With all the entertainment options now at our disposal, accessible by simply entering in our usernames and passwords on our smartphone or tablet to unlock our favorite streaming channel, it’s hard for many shows to breakthrough the noise. If you’re anything like me, “Ted Lasso” managed to do just that during the pandemic! If so, you likely mourned the recent conclusion of that joyous ride with the screwball personalities of AFC Richmond, the fictional English soccer team, and their always-optimistic coach Ted Lasso – an unlikely transplant from Kansas City, MO, who delivers endearing “fish out of water” antics and life lessons in equal measure. If by any chance you have not had the privilege of watching this show, do yourself a favor and plan your next binge-watch. You won’t regret it. I watched the finale TWICE because it was such a perfect ending to a show that was funny, but also led me to reflect on the true meaning of leadership, success and the humanity within us all.
This is why I read with great interest an article in last month’s CEO Magazine, titled “Five Tips to Lead with Greater Optimism in the Workplace.” I may have skipped right pass a relatively clichéd title like this were it not for its connection to Ted Lasso. The article backs up the notion of the impact of optimistic leadership with science and tools. As we approach the final days of summer (for some, summer days are already over) and muster the energy and fortitude necessary for a successful school year, I hope these takeaways might serve as a welcome reminder of why we “show up” as leaders and the impact it has for those working with us.
While I would suggest a “don’t worry, be happy” mindset is overly simplistic as business leaders, given the myriad financial and operational headwinds facing our independent schools, scientific evidence does underscore the favorable effects of embracing an optimistic leadership stance. According to research cited in the article, when leaders implemented a positive psychology intervention guided by optimism, the percentage of employees who reported that they were happy at work rose from 43% to 62%. Individuals feeling burned out dropped from 11% to 6%, and individuals reporting high stress at work dropped by 30%.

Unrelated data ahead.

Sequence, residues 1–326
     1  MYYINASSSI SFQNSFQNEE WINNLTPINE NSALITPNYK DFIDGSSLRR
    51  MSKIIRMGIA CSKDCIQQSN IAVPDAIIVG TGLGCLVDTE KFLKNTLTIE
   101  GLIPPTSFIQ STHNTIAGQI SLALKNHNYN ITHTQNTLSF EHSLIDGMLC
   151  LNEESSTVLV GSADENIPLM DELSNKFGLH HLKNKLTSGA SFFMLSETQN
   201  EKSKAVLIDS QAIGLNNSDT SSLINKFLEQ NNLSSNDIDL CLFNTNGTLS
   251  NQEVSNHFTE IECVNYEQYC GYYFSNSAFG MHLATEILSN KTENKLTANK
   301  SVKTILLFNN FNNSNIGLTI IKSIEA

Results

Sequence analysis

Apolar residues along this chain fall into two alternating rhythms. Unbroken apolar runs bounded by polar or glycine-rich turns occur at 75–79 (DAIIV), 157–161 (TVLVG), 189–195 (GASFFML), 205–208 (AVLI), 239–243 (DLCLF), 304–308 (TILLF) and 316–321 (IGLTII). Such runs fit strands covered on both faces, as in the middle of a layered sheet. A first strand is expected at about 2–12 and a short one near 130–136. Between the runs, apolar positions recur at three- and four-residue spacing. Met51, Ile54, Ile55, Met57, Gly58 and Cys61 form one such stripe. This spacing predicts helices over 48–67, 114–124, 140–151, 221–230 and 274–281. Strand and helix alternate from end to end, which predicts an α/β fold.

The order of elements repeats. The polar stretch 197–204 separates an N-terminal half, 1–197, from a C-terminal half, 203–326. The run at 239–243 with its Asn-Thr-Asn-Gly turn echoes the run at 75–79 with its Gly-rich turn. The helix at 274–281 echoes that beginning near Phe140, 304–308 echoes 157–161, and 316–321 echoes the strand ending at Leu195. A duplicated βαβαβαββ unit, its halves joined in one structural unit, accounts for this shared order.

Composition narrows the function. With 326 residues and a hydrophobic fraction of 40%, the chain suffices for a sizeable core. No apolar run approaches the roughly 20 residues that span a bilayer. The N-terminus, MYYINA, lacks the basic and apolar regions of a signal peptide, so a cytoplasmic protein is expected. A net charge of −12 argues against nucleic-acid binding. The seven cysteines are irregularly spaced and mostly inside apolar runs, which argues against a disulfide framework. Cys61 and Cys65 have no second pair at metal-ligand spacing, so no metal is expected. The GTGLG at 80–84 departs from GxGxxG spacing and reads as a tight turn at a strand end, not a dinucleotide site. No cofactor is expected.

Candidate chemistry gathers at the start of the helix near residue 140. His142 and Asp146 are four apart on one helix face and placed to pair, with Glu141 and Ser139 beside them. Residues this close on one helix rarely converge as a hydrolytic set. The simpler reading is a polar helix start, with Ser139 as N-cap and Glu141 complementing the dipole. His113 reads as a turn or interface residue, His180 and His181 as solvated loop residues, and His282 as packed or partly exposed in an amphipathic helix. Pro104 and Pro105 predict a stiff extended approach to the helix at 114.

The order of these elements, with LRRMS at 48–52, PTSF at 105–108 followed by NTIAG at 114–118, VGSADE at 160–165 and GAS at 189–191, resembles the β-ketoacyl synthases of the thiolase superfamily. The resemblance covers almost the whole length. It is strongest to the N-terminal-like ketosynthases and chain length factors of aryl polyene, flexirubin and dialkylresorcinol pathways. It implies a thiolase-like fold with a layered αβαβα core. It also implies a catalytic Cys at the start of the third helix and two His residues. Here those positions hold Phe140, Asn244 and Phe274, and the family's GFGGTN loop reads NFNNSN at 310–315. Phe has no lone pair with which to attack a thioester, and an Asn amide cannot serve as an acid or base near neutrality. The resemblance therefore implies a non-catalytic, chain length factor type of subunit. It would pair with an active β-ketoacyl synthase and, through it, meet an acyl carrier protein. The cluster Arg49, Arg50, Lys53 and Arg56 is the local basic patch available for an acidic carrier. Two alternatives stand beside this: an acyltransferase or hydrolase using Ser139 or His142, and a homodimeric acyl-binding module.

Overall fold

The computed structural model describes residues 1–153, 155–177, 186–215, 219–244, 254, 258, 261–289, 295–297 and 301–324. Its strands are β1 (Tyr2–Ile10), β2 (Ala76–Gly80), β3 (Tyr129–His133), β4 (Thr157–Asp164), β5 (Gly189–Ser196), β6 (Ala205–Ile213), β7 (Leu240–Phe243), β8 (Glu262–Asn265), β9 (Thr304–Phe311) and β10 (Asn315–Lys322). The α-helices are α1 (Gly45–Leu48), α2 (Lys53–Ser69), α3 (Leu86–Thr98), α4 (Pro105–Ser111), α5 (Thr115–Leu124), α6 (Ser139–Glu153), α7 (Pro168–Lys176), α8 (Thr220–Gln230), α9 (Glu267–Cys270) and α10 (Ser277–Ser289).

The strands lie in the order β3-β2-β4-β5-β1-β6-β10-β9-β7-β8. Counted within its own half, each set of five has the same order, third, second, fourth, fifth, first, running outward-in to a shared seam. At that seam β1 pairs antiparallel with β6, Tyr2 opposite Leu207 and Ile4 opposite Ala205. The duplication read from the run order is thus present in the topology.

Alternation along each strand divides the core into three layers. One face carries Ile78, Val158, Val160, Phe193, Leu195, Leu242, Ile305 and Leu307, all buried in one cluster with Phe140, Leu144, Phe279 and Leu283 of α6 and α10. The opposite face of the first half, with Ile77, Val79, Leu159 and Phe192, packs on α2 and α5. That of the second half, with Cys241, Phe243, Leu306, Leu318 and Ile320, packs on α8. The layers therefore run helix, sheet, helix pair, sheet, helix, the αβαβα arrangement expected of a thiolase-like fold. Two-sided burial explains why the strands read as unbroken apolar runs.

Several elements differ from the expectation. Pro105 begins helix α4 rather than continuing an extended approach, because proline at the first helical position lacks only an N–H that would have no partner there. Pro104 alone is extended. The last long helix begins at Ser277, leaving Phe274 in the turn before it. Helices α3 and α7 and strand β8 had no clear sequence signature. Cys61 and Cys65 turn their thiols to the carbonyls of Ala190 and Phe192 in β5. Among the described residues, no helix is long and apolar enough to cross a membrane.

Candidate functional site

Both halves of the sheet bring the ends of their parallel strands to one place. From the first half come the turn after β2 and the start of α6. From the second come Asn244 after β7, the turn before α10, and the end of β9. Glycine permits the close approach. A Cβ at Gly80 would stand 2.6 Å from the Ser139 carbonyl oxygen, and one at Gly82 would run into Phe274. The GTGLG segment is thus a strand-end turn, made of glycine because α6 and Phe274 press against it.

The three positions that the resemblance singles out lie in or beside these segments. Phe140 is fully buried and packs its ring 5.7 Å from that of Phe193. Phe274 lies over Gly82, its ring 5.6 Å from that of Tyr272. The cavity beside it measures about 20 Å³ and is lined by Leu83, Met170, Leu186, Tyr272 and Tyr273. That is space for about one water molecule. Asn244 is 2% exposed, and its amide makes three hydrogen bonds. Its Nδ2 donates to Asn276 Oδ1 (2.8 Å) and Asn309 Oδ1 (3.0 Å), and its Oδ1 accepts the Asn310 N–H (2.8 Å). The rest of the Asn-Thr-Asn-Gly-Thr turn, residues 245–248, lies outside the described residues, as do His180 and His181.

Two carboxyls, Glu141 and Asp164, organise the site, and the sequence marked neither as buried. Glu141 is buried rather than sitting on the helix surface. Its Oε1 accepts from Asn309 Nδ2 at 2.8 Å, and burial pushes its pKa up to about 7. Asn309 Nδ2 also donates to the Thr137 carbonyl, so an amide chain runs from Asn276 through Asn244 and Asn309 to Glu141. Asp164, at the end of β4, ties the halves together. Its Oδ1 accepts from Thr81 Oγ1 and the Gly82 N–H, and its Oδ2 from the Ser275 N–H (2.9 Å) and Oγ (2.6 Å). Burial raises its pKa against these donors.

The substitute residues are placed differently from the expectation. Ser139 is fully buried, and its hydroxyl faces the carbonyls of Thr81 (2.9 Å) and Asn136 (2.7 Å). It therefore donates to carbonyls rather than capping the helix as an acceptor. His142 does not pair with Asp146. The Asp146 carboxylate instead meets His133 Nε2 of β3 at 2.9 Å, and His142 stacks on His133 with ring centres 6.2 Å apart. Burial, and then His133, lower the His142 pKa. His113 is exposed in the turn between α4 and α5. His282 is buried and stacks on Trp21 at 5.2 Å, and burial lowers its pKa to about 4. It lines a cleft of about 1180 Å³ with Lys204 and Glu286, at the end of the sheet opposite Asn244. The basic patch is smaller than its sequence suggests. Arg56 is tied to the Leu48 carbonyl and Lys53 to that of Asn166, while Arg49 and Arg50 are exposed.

"Optimistic leaders have a propensity to delve into a wider array of solutions, thereby enhancing their chances of identifying effective resolutions for organizational challenges."
For any leader, the prospect of generating such impact within their school is undeniably appealing. When combined with the fact that “optimistic employees are 103% more inspired to give their best effort at work,” it becomes evident that optimistic leaders are positioned to make a substantial difference. They have a propensity to delve into a wider array of solutions, thereby enhancing their chances of identifying effective resolutions for organizational challenges.
Although the article cites that some people are optimistic by nature (I would put yours truly in that category), everyone has the potential to learn how to be more optimistic as a leader. The author offers the following tips:
- Find purpose in work and life. I can’t think of a single NBOA member who was not able to connect to the mission and work of their independent school. It is why we do what we do, right?
- Mind the pessimistic thoughts. They won’t go away overnight, but recognize them, and replace them with positive ones.
- Spend time with positive people. Like seeks like, so if you find yourself surrounded by nay-sayers, you may have some work culture issues to address.
- Do the ABC (a cognitive therapy model comprised of adversity, beliefs, and consequences). This requires each of us to address pessimism head on and lean into more optimistic and adaptive behaviors.
- Be a realistic optimist. The author of this article cites an HBR thought piece by Heidi Grant, who drew a clear line between realistic optimists and unrealistic ones. Realistic optimists “believe” they will succeed.
“Believe” is the overarching philosophy of Ted Lasso. The power of believing things will be better, problems can be solved, and success is within our reach. I agree with Coach Lasso. And, while he would not approve of the title for this blog — because, as he poignantly shares, it is never, ever, about him — I think he would encourage all independent school leaders to “believe” as we enter a new school year with fresh optimism as we face the challenges that undoubtedly lie ahead of us. Your teams and your school will be better for it!